With its scintillating performance, numbers of high performance Allied fighters fell to its guns in the final weeks of the war. The only recorded encounter with P-51s - other than Keil's claim above - is the incident noted by Kurt Tank himself, who had a narrow escape while flying one of his Ta 152Hs towards the end of 1944. Flying from Langenhagen near Hannover to attend a meeting at the Focke-Wulf plant in Cottbus his Ta 152 was apparently jumped by four Mustangs. According to his own account Tank activated his MW 50 boost, opened the throttle wide, and so the story goes, quickly left the Mustangs far behind in a cloud of blue smoke. It is of course worth pointing out that no one apparently witnessed this incident, either German or American. Respected 8th Fighter Command historian Danny Morris could not locate any USAAF report on it, and such an incident would surely have warrented such a report.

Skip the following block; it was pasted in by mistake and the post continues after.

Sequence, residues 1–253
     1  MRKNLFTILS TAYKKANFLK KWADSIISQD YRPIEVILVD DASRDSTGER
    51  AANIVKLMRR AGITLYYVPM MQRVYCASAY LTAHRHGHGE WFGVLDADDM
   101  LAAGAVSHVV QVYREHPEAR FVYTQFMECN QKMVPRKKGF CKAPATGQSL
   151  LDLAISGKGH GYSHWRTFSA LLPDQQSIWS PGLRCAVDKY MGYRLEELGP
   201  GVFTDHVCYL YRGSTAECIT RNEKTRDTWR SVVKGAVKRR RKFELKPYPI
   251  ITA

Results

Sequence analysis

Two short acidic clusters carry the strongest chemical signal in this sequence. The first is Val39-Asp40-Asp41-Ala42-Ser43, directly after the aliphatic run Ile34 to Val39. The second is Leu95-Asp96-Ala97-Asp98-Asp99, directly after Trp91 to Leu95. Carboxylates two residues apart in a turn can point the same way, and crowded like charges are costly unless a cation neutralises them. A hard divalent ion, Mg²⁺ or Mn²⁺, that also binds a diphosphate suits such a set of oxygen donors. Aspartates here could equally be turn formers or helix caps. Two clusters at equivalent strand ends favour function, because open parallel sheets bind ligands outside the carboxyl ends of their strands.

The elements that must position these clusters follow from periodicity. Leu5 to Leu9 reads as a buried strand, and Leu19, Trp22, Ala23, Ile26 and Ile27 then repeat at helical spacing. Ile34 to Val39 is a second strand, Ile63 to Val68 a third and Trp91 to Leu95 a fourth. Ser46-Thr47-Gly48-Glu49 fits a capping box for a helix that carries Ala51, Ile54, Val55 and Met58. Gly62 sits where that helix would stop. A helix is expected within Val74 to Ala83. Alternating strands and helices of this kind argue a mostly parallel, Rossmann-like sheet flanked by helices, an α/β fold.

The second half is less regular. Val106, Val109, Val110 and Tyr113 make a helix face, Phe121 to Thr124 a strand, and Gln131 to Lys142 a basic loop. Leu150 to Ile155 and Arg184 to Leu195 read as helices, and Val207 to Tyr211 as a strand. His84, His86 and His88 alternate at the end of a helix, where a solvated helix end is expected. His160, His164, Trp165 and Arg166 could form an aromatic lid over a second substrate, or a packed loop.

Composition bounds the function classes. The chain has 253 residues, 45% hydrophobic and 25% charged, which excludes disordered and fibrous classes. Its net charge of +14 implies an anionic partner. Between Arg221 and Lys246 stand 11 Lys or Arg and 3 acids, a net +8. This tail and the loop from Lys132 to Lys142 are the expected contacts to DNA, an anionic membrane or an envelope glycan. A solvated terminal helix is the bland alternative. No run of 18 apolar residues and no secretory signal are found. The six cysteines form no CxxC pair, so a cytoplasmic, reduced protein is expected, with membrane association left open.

The successful combats against RAF Tempests referred to above by Cescotti took place at low altitude, and according to Reschke's account the Tempest pilot made several mistakes (relative to the Ta) which he was able to capitalise on. It is worth pointing out again that the Ta pilot knew exactly what to expect from the Tempest, while the Ta 152 was frankly an unknown quantity to the Tempest pilot. Then of course there is Walter Loos statement that he never downed an enemy aircraft while flying the Ta 152 in direct contradiction to Reschke's account as related in interview to Jean-Yves Lorant.
Until enemy pilots had some reasonable knowlege about the strengths and weaknesses of the Ta, combat reports of its "superiority" are questionable at best. While there may have been no more than 55 operational Ta 152's, there were never more than about 24 serviceable at one time. And they flew comparitively few sorties, perhaps a total of 500 or so, quite likely fewer. Until an aircraft has been in combat long enough for the enemy to have a reasonable idea of what they are facing, there is always an advantage to flying a new high performance fighter - it's an unknown quantity and the enemy pilots do not know what to expect from it. And although ultimately designed for high altitude combat, very few missions of this sort were ever flown.